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Airport Gift That Keeps Giving To City
August 13, 2010
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  • The two-week closure to most air traffic of Columbus

    Municipal Airport that began Monday ironically highlights the importance of this

    facility to the community and the bargain the city and its taxpayers have been

    enjoying since 1971.


    The action was taken to affect long overdue repairs to both

    runways. An overlay on them was last put down in the 1980s.


    The repairs over the next two weeks will include milling the

    top 7 inches of the pavement and overlaying it with concrete, the first time

    that more durable material has been used in the history of the 68-year-old



    There obviously will be some disruptions for major users of

    the airport that records an average of 125 takeoffs or landings each day. The

    majority of that traffic consists of commercial flights, but the companies that

    use the facility have expressed support for the maintenance project and have

    been able to make other temporary arrangements. The financing of this project

    is especially good news for the local community because all but $225,000 of the

    $4.5 million price tag will be paid with federal and state grants.


    Even better, that $225,000 that will have to be paid by the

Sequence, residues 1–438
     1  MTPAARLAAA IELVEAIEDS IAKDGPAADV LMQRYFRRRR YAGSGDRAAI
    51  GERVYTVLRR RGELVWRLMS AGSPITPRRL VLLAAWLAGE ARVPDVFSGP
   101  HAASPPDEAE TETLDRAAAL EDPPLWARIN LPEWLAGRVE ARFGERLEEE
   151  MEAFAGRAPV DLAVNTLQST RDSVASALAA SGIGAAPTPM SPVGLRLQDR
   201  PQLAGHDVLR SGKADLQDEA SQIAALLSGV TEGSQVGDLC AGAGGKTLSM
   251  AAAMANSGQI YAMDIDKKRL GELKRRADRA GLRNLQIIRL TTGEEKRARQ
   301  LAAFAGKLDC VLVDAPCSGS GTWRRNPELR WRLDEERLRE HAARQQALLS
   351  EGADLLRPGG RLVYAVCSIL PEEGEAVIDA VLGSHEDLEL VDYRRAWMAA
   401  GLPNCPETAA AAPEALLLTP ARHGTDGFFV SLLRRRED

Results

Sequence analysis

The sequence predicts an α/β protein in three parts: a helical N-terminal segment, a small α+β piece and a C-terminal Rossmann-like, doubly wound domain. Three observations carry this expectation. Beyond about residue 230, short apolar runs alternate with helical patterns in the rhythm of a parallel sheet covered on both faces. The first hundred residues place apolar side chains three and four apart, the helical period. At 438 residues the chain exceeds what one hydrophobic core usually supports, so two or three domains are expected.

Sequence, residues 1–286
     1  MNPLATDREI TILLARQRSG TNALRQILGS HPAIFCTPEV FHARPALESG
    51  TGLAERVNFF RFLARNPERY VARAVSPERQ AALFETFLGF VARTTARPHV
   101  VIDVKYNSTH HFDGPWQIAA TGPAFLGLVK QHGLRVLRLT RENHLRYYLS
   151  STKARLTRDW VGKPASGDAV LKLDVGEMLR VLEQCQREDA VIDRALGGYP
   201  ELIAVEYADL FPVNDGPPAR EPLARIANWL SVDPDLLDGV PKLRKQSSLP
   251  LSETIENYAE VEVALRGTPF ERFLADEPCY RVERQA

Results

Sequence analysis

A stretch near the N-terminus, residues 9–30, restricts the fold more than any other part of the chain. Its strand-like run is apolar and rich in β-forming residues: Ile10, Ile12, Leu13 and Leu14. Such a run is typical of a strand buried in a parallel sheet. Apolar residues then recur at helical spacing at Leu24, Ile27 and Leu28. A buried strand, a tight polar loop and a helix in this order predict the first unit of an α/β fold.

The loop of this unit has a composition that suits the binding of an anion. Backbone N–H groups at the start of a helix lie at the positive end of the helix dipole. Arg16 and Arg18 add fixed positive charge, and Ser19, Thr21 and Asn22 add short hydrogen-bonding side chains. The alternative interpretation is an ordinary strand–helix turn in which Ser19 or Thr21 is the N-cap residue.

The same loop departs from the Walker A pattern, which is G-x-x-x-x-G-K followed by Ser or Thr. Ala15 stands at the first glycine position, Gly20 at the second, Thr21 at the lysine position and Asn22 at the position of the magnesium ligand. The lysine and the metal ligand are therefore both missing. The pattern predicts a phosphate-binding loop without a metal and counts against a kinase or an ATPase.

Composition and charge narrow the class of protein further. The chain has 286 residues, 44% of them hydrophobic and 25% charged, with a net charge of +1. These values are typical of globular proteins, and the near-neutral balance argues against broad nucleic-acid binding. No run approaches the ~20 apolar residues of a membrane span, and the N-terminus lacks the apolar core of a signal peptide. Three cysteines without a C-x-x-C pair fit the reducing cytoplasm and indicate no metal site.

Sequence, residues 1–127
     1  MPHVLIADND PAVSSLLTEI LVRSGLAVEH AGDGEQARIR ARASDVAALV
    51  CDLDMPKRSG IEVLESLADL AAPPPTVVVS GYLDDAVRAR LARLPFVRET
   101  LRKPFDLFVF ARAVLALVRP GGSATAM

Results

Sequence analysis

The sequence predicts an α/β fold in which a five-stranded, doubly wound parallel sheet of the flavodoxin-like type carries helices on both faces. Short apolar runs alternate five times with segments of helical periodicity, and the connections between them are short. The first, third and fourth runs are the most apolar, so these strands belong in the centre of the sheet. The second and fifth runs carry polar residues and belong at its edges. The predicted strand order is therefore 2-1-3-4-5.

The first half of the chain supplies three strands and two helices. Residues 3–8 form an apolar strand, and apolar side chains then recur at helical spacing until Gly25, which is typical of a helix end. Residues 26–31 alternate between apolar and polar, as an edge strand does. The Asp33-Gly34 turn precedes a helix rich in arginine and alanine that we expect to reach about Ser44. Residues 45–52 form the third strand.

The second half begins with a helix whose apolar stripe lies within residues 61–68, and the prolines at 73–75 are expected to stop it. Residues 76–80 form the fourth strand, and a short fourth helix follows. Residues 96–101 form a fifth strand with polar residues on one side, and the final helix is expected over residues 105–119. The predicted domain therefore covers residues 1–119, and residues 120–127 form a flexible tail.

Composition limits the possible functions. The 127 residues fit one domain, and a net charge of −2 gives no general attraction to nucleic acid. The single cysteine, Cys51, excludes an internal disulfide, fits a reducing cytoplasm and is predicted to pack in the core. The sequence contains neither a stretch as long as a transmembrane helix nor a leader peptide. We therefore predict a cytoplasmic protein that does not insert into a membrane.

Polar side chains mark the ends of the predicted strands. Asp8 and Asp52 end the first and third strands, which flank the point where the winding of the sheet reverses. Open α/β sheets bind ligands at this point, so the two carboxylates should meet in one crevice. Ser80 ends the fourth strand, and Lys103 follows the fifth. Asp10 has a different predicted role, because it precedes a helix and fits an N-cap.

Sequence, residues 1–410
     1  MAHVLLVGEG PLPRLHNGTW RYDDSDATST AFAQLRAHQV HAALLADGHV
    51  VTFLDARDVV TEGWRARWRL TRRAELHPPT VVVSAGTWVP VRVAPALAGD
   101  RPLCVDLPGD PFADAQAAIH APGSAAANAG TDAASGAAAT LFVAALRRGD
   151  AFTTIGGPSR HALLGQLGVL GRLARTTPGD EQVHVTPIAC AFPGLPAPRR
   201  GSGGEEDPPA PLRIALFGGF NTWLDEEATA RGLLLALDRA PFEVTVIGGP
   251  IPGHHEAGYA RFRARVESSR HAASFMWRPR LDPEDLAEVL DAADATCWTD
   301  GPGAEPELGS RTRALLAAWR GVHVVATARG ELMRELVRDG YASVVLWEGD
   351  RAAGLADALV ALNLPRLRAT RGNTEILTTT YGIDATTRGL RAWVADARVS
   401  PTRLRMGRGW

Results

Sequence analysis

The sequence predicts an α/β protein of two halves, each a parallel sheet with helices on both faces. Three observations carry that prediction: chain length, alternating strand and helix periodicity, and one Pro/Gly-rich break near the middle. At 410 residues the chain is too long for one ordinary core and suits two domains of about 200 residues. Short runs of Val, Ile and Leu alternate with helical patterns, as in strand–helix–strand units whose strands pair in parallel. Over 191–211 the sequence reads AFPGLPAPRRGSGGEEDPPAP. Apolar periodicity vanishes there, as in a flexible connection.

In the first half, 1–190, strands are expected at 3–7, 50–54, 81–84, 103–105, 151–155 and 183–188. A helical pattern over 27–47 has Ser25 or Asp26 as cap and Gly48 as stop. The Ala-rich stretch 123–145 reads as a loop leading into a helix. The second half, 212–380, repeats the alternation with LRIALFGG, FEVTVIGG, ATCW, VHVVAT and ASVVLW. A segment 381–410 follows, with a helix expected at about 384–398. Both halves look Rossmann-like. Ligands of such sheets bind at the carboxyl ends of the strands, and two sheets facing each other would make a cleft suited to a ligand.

cityÕs Aviation Commission does not involve tax dollars. The entire amount will

    be paid by user fees raised by the commission.


    In fact, the airport has been a self-sustaining operation

    throughout its history, not only earning revenue from those who use the airport

    itself but from rental money generated by farmland on the property and areas

    that have been dedicated to industrial and business development.


    The airport and its surrounding land were turned over to the

    city on Dec. 3, 1971, when the U.S. Air Force deactivated Bakalar Air Force

    Base. The base had been used as a military training facility during World War

    II and the wars in Korea and Vietnam.


    Immediately envisioned as an area that could spur economic

    development in Columbus, the deactivated base was also seen as an opportunity

    to create a campus-like environment where residents of southern Indiana could

    pursue affordable and convenient post-secondary education.


    In that respect, it has proved to be wildly successful, not

    only housing traditional campuses such as those for IUPUC and Ivy Tech but

    creating unique training facilities for workplace development such as the

    Advanced Manufacturing Center of Excellence now under construction.


    The two weeks the airport will be down to most air traffic

    (it can still accommodate helicopter landings and takeoffs) will be more than

    justified by the added safety the repairs will provide.


    It should also remind the community of the deal it got

    almost 40 years ago.



    THE REPUBLIC (IN)2010-08-11false